Birmingham, Ala. - Ryan Hunter-Reay made up for his last effort in the Verizon IndyCar Series.

The champion of the 2012 season keyed a seven-car crash in the April 13 race in Long Beach, Calif., and he rebounded with a win at Barber Motorsports Park.

"I've been anxious since Long Beach," Hunter-Reay said after leading Sunday's 1-2 finish for Andretti Autosport at the Honda Indy Grand Prix of Alabama. Marco Andretti finished second on Sunday.

But the memory of what should have been a one-two finish at Long Beach remained for Hunter-Reay.

Two weeks ago, Hunter-Reay was leading teammate James Hinchcliffe when he knocked upstart Josef Newgarden of Sarah Fisher Hartman Racing off the track.

"It feels good after the Long Beach one," team owner Michael Andretti said.

Hunter-Reay took a lot of grief for that move, but he was the one issuing trouble on others Sunday as he won his first race of the season and the 12th of his career.

The driver from Fort Lauderdale, Fla., started third but quickly jumped to second. He took the lead essentially for good when Team Penske's Will Power drove through Turn 5 and into the wet grass on Lap 16.

"Just locked up," Power said. "Once you lock a wheel in the wet you just go straight."

The race started more than two hours late due to a severe thunderstorm. The circuit was still wet as the cars rolled off. The spray was so significant that the first full-speed lap created a blanket of moisture.

Funny thing was, the formation of the cars at the green flag was one of the best of the year, with the first six rows in groups of two cars. Only Andretti stuck his car's nose out for a clean look at Turn 1.

The 23-car field made it more than a half of a lap before spinning occurred. Simon Pagenaud nearly lost control and dropped to the grass. Hunter-Reay's car bobbled. Rookie Carlos Munoz and Takuma Sato spun to bring out the caution.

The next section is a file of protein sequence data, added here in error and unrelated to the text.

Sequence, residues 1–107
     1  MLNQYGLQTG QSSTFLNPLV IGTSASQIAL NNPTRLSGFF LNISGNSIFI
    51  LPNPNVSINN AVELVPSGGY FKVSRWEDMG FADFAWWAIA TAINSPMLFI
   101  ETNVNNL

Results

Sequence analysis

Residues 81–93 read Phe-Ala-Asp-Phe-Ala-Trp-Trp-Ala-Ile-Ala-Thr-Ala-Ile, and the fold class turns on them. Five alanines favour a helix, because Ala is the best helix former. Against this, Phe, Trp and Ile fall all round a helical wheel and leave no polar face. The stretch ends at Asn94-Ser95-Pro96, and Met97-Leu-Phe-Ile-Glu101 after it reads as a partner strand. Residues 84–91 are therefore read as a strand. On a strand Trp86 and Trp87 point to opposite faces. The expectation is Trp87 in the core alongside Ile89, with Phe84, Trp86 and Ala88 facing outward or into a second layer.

"That was ridiculous," Hunter-Reay said of the slippery conditions. "It was like an ice-skating rink with sneakers."

The stoppage was short, and the track started drying as the hot laps continued. Power jumped to a large lead over Hunter-Reay, who had passed James Hinchcliffe. By Lap 12, Juan Pablo Montoya was all the way up to fourth (from his eighth starting spot).

Power had the lead until Lap 16 when he rolled through Turn 5 and into the grass. Narrowly avoiding a tire barrier, he was able to regroup and rejoin the action, albeit in second place (to Hunter-Reay).

"He's human; he's beatable," Andretti said.

Rookie Mikhail Aleshin spun in Turn 5 with help from behind from Sebastien Bourdais, which drew a penalty on Bourdais. That brought out the second full-course caution and forced a decision: When to switch to the dry-condition tires. Everyone did.

During the caution, Munoz spun getting up to speed, and Helio Castroneves drove into the wrong pit box. Castroneves could be excused for the mistake: The other crew wore similarly blue uniforms. Castroneves drew a penalty.

Montoya found the wet track too much for his dry tires. He lost control in the backstretch chicane, his car ending up in the gravel trap.

The second half of the race was more conventional as the track dried in breezy conditions. The only crash came when Aleshin hit the tire barrier at the end of the backstretch.

Scott Dixon finished third Sunday with Pagenaud fourth and Power fifth.

NOTES: The race started after a 2-hour, 26-minute delay because of the storms and it was run under a 1-hour, 40-minute time limit. ... The next two races on the schedule will be at the Indianapolis Motor Speedway. The first will be May 10 on the reconfigured road course. Only a few of drivers have raced there before, but all of that was before five infield corners were reconfigured. The second race, the Indianapolis 500, will take place May 25. ... Juan Pablo Montoya doesn't expect former NASCAR champion Kurt Busch to have much trouble with Tuesday's refresher test at Indianapolis Motor Speedway. "The ovals are a lot more simple, especially with the experience he's got on ovals," he said. "He's been to the Brickyard before." ... Former NFL great, Joe Namath, was on hand in Birmingham to take in the race. ... Charlie Kimball had this weekend's first big crash in the Sunday morning warm-up. He lost control of his Ganassi Racing machine in Turn 13 and slid into a tire barrier. The impact was with the back of the car, which had to be completely replaced. The good news was, the crew had time due to the lengthy rain delay.